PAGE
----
But I'll admit it, it has some good ideas. Take the trampolines for instance. It's an entirely new idea, as the height you jump to depends on the height you fell from (meaning you'll have to build up momentum - cool!). The idea of returning to the entrance is an idea rarely used, so I was also happy to see it here. Besides, the levels are really short, usually no more than, say, 3-6 screens wide, and there were tons of them. Personally, I like my levels short and sweet, so this definitely had some potential. The fact that the oxygen worked both as a timer and a health bar was another cool idea. The blend of puzzles (in the top down hallways) and action (in the rooms) was nice, as they don't interfere with one another yet both were required. And besides, it's a Flash ripoff; that's gotta count for something! So clearly, it's tough to call this game a complete waste of time.

But even so, many of the ideas were still implemented poorly. The worst is the level design - short and sweet levels only work when each level is substantially different from the next (see Mario 3). Here, all the rooms felt the same, making what could be a pleasant and engaging experience into something monotonous and depressing. It's hard to be excited over finishing one area and moving on to the next when you know you'll have to do practically the same thing over again. And again, and again, and again. The monotony is a killer, as it removed any sort of desire I might have had for moving onward. It's just more of the same over and over again. However, and this is completely bizarre, I found you sometimes don't even have to enter all the rooms to move to the next floor! I managed to make it all the way to the 9th floor before the elevator shut me out, so you don't even have to do anything to advance!

On the other hand, I couldn't actually do anything on the 9th floor, since there was a force field blocking stuff and I had no bombs or keys. Which is kind of stupid if you think about it. First of all, there was nothing to indicate that I could skip so far ahead, and nothing to do once I had skipped that far. The first aspect is a lack of consistency (always a bad move), the second is bad design. Sigh...

But in any case, the other aspects with potential turned out rotten as well. Yeah, the idea of oxygen is cool, but it's hampered by the annoying enemies. See, you can't kill them unless you have a bomb. And if you use the bomb, you'll kill yourself too! Granted, if you have a detonator you may be able to get far enough away to survive, but you get the idea of how stupid that is. So you have to avoid enemies - except you move too slow and your jumps are too pathetic to really do that. So your best bet is just to hit the switches and get out, and if you get hit you get hit. Oh well, who wants to live forever? And the trampolines are nice, but would be a whole lot better if the whole process wasn't so slow (noticing a pattern here?). Besides, because your jumps aren't very maneuverable, if there's any enemies in the way you'll almost certainly hit them. There's no point in getting off the trampoline and waiting for them to pass by, as you'll lose just as much oxygen doing that as if you were jumping straight through them. Cool idea, but better luck next time.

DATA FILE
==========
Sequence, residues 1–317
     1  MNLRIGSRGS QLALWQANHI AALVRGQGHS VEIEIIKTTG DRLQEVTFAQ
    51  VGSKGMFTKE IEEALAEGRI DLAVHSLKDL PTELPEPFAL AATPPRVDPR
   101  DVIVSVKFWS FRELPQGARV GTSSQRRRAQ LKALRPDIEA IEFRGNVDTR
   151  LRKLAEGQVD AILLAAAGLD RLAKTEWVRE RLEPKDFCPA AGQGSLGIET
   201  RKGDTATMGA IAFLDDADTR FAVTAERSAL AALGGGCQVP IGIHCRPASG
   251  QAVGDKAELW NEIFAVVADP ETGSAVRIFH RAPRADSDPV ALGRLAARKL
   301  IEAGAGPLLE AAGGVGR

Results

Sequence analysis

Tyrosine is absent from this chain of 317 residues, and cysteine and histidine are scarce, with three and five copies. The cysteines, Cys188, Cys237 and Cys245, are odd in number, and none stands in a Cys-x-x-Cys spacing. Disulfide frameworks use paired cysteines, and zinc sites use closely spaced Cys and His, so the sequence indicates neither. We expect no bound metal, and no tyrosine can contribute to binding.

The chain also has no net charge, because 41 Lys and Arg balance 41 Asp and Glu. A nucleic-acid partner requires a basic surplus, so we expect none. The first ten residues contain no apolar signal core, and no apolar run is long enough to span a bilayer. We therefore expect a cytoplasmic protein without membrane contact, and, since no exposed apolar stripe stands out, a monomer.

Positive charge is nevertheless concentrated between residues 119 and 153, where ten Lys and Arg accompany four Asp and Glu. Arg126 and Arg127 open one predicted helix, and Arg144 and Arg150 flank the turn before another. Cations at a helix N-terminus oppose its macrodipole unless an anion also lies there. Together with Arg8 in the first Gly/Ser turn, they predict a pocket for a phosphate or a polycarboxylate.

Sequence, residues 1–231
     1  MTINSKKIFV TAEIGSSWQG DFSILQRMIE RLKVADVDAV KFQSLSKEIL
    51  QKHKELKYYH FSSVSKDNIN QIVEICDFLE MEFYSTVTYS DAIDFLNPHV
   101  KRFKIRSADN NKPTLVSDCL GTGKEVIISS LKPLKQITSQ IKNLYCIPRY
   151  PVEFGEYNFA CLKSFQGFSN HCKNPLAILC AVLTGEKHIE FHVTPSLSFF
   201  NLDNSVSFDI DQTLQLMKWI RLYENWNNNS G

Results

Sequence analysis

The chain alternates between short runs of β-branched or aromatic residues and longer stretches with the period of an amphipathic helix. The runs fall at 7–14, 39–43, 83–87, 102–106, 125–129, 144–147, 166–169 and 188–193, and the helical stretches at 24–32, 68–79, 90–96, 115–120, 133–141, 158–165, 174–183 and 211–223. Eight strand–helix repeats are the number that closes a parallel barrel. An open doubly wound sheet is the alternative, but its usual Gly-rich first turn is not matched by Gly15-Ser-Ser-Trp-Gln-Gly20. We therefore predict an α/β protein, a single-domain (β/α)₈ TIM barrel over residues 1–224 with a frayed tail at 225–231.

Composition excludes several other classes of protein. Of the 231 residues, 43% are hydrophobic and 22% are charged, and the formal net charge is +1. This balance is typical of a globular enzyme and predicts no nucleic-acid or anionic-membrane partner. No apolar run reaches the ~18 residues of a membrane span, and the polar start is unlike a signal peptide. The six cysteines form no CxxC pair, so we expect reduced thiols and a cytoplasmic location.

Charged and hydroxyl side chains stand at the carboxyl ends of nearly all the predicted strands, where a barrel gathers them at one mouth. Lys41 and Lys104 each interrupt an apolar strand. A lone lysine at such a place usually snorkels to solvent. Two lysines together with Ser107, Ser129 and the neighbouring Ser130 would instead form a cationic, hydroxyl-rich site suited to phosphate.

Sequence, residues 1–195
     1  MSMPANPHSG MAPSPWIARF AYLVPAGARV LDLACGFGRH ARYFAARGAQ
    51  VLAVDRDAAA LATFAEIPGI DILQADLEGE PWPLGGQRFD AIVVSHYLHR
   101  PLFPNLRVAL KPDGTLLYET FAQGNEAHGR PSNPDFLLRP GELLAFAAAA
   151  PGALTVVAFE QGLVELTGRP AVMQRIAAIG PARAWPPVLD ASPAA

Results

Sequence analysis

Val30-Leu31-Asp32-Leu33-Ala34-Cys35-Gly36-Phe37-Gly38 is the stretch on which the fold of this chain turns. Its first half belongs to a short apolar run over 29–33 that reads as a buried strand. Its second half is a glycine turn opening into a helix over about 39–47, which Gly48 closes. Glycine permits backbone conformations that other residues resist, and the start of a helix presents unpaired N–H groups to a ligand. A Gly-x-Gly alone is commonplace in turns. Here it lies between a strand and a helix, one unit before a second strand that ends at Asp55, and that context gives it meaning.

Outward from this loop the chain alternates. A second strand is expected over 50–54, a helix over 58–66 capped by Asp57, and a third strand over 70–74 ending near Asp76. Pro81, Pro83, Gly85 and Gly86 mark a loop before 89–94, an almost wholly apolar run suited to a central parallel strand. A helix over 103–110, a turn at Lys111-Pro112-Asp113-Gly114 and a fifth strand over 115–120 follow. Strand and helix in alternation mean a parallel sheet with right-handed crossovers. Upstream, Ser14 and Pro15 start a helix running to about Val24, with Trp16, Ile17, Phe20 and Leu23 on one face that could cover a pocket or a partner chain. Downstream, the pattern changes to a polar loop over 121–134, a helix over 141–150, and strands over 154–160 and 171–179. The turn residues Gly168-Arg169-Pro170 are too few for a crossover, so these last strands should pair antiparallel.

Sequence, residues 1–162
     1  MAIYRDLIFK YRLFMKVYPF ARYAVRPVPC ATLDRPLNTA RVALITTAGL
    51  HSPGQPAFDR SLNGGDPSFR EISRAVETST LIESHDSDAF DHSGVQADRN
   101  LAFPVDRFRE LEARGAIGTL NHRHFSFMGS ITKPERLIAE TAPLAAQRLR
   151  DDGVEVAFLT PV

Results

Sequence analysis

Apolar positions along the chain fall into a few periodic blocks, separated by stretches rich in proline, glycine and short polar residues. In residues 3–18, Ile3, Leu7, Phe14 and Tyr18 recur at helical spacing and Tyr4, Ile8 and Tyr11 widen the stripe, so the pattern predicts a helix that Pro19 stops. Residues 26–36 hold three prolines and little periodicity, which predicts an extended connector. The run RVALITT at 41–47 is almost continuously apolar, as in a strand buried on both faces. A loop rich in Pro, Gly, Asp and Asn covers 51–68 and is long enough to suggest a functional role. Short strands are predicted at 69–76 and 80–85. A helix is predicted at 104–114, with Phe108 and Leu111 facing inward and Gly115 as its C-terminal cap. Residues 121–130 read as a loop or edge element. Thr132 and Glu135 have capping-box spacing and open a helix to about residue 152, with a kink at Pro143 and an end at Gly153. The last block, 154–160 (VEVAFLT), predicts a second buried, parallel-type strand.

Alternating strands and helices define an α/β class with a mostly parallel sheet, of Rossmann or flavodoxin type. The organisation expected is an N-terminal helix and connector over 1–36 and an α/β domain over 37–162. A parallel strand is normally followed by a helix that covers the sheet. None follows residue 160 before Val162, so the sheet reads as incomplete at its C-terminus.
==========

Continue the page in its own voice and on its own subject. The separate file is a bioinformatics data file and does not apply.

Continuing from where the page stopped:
By now, you can see that the game should go to the bore worms. It's just too slow to be any fun. It controls to awkwardly to allow immersion into the game. It's too monotonous to keep you interested in moving forward. Three strikes and you're out, particularly when these three strikes are enough to kill any game. Even the parts that seem to have potential are mostly shot down by some combination of the three strikes or some other pointless fault that should have been fixed. The game's good only for a laugh, to see what might have been but ultimately wasn't. Sorry guys, I'll stick with the real Flash.

Rating: 3/10

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Community review by mariner (August 26, 2005)